Resources

This journal article uses longitudinal data from Washington state to investigate the relationships among career and technical education (CTE) enrollment, inclusion in general education, and high school and postsecondary outcomes for students with learning disabilities. Researchers replicated earlier findings that students with learning disabilities who were enrolled in a "concentration" of CTE courses had higher rates of employment after graduation than observably similar students with learning disabilities who were enrolled in fewer CTE courses.

Projects

Researchers at the Regional Educational Laboratory Southwest, operated by AIR, conducted a study to investigate (a) the percentage of Round Rock Independent School District (ISD) graduates from 2012/13 through 2017/18 who completed one or more career and technical education (CTE) programs of study; (b) the percentage of Round Rock ISD CTE programs of study aligned with high-wage, in-demand career pathways in Central Texas; (c) the percentage of Round Rock ISD graduates completing programs of study aligned to those high-wage, in-demand career pathways; and (d) postsecondary outcomes of Round Rock ISD graduates who completed a program of study.

In partnership with Twin Cities Public Television, the Regional Education Laboratory Midwest, operated by AIR, created a documentary that explores the unique challenges of rural Minnesotan communities and how they impact students searching and preparing for careers. The program featured two evidence-based career readiness programs in rural Minnesota: Creating Entrepreneurial Opportunities in Wadena and Scrubs Camp in Mankato. The documentary made the connection between research and best practice and highlighted factors that contribute to success for students as they develop their future plans.

AIR developed and facilitated a training series for Rhode Island high schools that provided staff with data to inform conversations about how best to prepare their students for college and careers. Researchers worked with school leadership teams to examine student profile data and use the information to determine priority areas for focused improvement, inform strategic planning, and access resources to improve postsecondary outcomes.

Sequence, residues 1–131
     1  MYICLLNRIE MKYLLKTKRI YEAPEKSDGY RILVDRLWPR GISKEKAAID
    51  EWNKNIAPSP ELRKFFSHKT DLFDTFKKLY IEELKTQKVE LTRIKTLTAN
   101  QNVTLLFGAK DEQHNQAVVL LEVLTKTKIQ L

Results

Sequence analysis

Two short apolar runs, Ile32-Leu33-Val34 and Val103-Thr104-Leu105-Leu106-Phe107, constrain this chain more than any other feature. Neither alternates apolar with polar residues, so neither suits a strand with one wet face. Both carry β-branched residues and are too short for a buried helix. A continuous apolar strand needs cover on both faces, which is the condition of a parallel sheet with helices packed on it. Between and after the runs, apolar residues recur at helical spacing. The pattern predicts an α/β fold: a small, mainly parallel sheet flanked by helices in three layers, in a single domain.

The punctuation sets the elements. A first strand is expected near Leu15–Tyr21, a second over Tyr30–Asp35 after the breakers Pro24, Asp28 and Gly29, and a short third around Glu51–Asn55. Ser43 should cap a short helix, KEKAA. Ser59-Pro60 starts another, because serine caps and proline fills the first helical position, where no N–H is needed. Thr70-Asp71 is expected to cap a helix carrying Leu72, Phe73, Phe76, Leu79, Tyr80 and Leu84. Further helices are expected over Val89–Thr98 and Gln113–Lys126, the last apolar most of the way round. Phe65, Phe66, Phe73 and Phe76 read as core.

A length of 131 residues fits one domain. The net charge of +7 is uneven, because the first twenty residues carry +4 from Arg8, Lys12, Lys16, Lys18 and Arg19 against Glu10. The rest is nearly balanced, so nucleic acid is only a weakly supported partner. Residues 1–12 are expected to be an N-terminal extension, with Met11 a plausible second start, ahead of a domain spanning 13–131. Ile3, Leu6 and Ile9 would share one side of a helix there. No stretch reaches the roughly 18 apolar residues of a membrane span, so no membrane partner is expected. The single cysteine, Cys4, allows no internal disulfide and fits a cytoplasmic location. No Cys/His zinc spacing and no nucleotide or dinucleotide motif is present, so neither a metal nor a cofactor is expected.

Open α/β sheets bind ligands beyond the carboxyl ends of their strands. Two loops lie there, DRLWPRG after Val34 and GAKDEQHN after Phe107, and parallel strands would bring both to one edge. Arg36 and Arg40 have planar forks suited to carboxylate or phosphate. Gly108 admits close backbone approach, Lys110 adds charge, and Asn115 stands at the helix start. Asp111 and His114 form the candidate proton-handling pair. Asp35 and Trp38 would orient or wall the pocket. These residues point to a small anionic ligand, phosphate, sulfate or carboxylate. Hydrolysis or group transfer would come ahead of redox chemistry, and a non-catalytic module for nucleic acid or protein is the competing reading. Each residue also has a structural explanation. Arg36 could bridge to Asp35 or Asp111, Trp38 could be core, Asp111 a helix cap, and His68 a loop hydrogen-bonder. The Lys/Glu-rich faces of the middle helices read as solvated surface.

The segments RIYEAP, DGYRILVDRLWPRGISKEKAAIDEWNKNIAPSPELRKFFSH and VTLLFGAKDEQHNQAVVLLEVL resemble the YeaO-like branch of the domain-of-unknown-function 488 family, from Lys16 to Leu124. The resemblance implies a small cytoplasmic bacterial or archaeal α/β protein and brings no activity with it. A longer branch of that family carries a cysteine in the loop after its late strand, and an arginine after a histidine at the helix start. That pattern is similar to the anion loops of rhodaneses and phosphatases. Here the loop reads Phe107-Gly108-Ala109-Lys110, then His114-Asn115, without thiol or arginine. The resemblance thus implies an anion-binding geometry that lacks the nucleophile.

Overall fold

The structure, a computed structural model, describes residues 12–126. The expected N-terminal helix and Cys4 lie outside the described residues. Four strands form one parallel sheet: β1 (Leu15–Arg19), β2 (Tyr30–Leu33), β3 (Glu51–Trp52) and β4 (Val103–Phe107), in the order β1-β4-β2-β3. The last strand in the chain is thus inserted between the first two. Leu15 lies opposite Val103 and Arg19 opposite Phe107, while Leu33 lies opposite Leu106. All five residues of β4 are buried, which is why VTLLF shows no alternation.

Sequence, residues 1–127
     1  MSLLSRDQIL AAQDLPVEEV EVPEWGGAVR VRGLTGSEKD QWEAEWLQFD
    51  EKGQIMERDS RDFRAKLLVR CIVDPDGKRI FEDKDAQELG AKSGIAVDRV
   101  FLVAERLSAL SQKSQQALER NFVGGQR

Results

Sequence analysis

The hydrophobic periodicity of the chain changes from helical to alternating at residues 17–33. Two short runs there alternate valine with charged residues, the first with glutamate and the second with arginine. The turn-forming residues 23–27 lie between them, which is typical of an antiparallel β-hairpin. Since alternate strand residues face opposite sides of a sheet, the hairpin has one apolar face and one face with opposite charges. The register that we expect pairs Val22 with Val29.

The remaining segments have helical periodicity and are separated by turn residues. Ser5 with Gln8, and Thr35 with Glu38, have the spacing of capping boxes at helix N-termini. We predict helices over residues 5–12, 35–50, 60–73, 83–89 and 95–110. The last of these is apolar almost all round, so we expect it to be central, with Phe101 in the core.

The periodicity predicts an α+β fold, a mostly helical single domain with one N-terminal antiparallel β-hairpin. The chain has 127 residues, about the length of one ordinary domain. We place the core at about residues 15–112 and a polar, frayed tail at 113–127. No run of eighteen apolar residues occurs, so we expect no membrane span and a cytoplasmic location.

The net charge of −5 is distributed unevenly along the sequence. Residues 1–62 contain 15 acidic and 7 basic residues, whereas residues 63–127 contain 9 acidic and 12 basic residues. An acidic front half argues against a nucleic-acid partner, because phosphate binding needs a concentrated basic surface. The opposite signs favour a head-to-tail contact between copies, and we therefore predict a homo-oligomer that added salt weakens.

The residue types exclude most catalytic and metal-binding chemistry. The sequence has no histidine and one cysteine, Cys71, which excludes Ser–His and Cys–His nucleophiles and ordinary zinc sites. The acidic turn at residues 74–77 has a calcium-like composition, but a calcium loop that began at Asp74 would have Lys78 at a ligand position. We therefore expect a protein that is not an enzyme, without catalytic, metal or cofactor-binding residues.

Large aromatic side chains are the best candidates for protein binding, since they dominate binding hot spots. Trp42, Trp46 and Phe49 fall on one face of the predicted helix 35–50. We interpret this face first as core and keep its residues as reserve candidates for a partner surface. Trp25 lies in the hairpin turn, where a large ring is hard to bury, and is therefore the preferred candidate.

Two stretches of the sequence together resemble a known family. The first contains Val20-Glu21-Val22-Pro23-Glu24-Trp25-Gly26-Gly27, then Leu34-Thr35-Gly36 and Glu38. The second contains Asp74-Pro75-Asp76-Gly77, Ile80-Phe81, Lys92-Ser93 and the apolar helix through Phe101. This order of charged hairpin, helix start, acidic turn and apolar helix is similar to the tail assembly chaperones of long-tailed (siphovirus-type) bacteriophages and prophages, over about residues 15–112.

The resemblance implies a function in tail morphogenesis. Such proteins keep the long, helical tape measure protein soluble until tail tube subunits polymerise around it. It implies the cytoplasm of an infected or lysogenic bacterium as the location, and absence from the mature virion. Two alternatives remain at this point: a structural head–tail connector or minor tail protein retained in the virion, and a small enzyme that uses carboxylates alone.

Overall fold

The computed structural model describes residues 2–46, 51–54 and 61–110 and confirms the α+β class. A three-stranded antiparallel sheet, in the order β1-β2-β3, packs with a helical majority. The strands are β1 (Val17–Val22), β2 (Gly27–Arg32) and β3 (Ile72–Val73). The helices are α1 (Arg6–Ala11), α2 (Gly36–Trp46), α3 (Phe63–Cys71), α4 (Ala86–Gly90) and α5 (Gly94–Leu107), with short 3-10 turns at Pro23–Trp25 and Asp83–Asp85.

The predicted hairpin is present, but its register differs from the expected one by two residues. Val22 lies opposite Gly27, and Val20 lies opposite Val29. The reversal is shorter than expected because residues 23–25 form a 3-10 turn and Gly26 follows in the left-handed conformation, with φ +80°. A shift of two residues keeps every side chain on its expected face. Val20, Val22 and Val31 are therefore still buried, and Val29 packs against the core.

AIR developed a series of online modules that support state and local education agency leaders in the creation of Grow Your Own Programs, which aim to establish an educator talent pipeline. The modules provide examples and considerations for developing a Grow Your Own Program to address educator shortages and retention issues, promote a more diverse workforce, and support college and career readiness development among high school students.

AIR’s College and Career Readiness and Success Center (CCRS Center) collaborated with CareerWise, the Colorado Department of Education, and the Colorado Workforce Development Council to support the expansion of work-based learning (WBL) opportunities in Colorado. The CCRS Center developed the capacity of a Colorado team to maintain and revise WBL geographic information system map applications. The goal of the project was to improve place-based and data-driven decision making.

AIR conducted an evaluation to assess the effectiveness and efficiency of Texas OnCourse online training programs, which provide instruction about preparing for high school, college, and future careers to middle school counselors and teachers. Together, the evaluation team and Texas OnCourse staff developed and employed end-of-module assessments and participant perception surveys to measure improvements in counselors’ knowledge of module content and determine program effectiveness on teacher and counselor outcomes. The aim of this research was to improve high school counselors’ awareness of college and career planning information.

The College and Career Readiness and Success Center at AIR supported the Kansas Department of Education in ensuring that all students have access to high-quality work-based learning. AIR built a geographic information system mapping tool and convened a group of cross-agency partners to analyze data, with the ultimate goal of developing a work plan to implement different policies and/or strategies.

AIR is analyzing 20 years of the National Longitudinal Survey of Youth 1997 panel using an individual fixed-effects regression strategy. The purpose of the analysis is to estimate the returns to non-credit-bearing credential and licensure pathways compared with credit-bearing credential and associate degree programs that are unrelated to persistent differences in the respondents’ characteristics (e.g., ability). Findings show that credit-bearing credentials yield an approximately equal likelihood to be employed as noncredit-bearing credentials, but significantly improved earnings of about $7,000 a year.

AIR supported the Wisconsin Department of Public Instruction in convening seven PK–16 regional councils across the state to build regional partnerships. The goal of these regional partnerships was to develop successful educator career pathways by allowing multiple districts to work collaboratively with local educator preparation programs.